Imitation may be the highest form of flattery, but considering the fast pace at which Chinese builders have been copying architecture from around the world, does the old adage apply to the replication of entire buildings as well? That's one of the questions that author Bianca Bosker asks in her new book Original Copies: Architectural Mimicry in Contemporary China, where she analyzes the Chinese trend of replicating structures and even entire communities that look just like their European and American counterparts. I recently had the chance to review a copy of this eye-opening exploration into duplitecture in China as well as the culture that continues to drive it forward. Read on for my thoughts.
In Original Copies, Bosker, the senior tech editor at the Huffington Post, presents a thorough analysis of the remarkable building replication phenomenon that has been happening across China. She begins to unravel the story by first identifying China’s cultural acceptance of counterfeiting and explains how traditional Chinese views reflect the idea of the replica as equal. Bosker gives examples to back up this point, citing how ancient Chinese emperors used to replicate the gardens and towns of surrounding empires as a show of power.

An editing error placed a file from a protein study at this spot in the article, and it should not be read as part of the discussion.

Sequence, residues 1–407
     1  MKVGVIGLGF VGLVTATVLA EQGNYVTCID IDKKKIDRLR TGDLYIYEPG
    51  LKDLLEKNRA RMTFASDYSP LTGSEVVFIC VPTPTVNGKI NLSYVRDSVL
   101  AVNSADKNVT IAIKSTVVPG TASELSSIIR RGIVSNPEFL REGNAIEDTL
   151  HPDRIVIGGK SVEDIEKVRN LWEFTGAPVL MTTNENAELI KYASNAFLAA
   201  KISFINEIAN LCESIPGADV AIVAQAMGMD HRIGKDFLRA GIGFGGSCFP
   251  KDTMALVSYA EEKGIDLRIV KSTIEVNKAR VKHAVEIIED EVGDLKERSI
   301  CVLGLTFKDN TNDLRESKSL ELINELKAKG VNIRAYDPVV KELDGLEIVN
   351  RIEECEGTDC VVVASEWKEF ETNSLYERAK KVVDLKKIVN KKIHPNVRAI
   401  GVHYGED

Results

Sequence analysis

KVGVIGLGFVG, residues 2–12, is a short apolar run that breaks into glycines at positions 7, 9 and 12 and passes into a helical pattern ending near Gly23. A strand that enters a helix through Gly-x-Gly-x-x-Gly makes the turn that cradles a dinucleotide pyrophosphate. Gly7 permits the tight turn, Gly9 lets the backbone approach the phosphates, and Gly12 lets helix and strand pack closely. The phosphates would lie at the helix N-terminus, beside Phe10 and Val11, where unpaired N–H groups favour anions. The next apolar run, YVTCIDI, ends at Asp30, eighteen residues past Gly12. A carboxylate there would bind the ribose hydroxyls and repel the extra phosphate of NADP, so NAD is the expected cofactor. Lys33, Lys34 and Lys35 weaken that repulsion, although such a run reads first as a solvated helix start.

A few more pages in, Bosker goes on to theorize that the government (which owns the land in China) has given developers the power to replicate because the culture has encouraged the elite to show off home ownership as a form of sophistication. And it seems that the wealthy have taken the idea and run with it. Imitations of France’s Palace of Versailles have literally been duplicated dozens of times in Chinese “French Bourgeois” neighborhoods. The whole point of the verisimilitude of these 1,400 to 1,600 square meter homes is to function as a badge of social prestige.
Though certainly cerebral at times and complex in its analysis, Original Copies is still easy to read and understand. The imagery of Spanish, Italian, and German communities seemingly uprooted from their existing landscapes and transplanted in China is fascinating. These provocative photographs help illustrate Bosker’s most dramatic point that traditional Chinese culture is fading as middle-class families emulate the western culture that comes with each new faux community.
Overall, I found Original Copies to be a fascinating glimpse into an emerging trend and a must-have book for those interested in Chinese development and architecture. Just be ready for a weighty discussion supported by comments from the world’s leading architects, critics and city planners. No matter your stance on the lack of eco-consciousness and originality that many Chinese developers have demonstrated, Bosker will leave you with a better understanding of why this phenomenon is growing in China. And just to be sure your copy of the book is an original, I suggest you order it through the link below.